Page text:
Author: Brianna Shrum
Genre: Young Adult, Fantasy, Retelling
Source: Spencer Hill via Netgalley
James Hook is a child who only wants to grow up.Review by Nara
When he meets Peter Pan, a boy who loves to pretend and is intent on never becoming a man, James decides he could try being a child—at least briefly. James joins Peter Pan on a holiday to Neverland, a place of adventure created by children’s dreams, but Neverland is not for the faint of heart. Soon James finds himself longing for home, determined that he is destined to be a man. But Peter refuses to take him back, leaving James trapped in a world just beyond the one he loves. A world where children are to never grow up.
But grow up he does.
And thus begins the epic adventure of a Lost Boy and a Pirate.
This story isn’t about Peter Pan; it’s about the boy whose life he stole. It’s about a man in a world that hates men. It’s about the feared Captain James Hook and his passionate quest to kill the Pan, an impossible feat in a magical land where everyone loves Peter Pan.
In the era of retellings, one book that can't be missed out on is of course Peter Pan. I remember first reading Peter Pan and thinking that it really wasn't much like the Disney movie. While the backbone of the story was the same as the movie, there were definitely darker undertones which could be further explored in a retelling: and that's exactly what Never Never aims to do.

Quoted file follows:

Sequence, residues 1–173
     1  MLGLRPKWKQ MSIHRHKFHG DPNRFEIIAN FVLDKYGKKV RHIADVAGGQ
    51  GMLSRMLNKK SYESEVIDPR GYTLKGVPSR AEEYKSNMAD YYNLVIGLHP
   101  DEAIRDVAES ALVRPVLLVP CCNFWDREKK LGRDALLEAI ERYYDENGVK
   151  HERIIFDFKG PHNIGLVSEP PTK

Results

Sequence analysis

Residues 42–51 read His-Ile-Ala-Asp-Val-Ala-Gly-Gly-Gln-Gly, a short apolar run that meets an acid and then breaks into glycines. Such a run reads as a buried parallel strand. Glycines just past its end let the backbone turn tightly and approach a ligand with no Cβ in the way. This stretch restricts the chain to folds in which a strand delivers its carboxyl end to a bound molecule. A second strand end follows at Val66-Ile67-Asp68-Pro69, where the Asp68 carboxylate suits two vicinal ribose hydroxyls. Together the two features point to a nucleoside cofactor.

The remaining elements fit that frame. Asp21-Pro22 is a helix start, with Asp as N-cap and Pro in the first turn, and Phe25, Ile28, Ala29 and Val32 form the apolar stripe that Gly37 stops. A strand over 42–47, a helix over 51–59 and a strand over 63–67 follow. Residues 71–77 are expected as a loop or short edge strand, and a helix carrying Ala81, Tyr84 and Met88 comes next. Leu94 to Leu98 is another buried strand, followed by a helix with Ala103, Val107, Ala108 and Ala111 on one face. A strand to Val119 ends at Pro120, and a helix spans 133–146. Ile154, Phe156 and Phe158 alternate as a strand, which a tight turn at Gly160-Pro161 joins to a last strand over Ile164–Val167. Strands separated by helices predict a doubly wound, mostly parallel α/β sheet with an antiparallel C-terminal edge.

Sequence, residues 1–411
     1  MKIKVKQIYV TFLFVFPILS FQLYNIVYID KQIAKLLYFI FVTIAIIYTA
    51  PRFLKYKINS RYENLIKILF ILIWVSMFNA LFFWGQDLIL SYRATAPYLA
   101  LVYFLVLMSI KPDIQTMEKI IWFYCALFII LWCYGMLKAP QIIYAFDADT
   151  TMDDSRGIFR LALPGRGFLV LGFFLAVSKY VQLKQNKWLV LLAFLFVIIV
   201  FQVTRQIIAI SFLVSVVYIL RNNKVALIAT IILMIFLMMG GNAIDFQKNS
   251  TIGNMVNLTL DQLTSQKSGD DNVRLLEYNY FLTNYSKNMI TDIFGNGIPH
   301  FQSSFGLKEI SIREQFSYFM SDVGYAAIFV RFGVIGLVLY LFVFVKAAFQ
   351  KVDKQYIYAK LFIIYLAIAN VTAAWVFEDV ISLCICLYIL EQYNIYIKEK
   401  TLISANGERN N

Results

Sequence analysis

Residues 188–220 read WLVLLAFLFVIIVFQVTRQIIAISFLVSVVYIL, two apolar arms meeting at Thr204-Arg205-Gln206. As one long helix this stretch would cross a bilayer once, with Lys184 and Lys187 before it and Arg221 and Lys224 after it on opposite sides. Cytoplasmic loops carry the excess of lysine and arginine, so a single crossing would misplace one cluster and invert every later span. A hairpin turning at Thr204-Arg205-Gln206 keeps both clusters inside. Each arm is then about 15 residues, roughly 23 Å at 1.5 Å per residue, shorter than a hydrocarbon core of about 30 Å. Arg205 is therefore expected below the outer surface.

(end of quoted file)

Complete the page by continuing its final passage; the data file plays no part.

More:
Unfortunately, the big place where Never Never falls is the pacing, which really wasn't the best. I found myself putting the book down quite a bit due to boredom. One of the reasons for this was that there was quite heavy dialogue. Coupled with a child-like, fairytale feel to the narrative voice, this meant that there was a heck of a lot of telling rather than showing. The story itself was pretty slow as well, and now that I look back on the book, I'm not quite sure why it was so long. The plot could be summed up by "Pan lies to James and brings him to Neverland, James doesn't approve of Pan's killing of pirates, James grows up, James and Pan fight a ridiculous number of times because James can't kill Pan for some reason or another".
You see as Captain Hook goes from a dreaming boy to hard-hearted man, and it's quite interesting following his slow corruption. You can see how after various events, James becomes more disillusioned and more obsessed with killing Pan. It's interesting because while you can see Pan is obviously not the hero of the story, James kind of isn't either. I mean, there's not really a "good guy"; they're both flawed in one way or another.
While certainly an ambitiously dark retelling of Peter Pan, I feel like Never Never doesn't quite reach the mark in several areas. However, it's still worth a read if you'd like to read a darker book where moral ambiguity is a theme of focus.
World Building: 3/5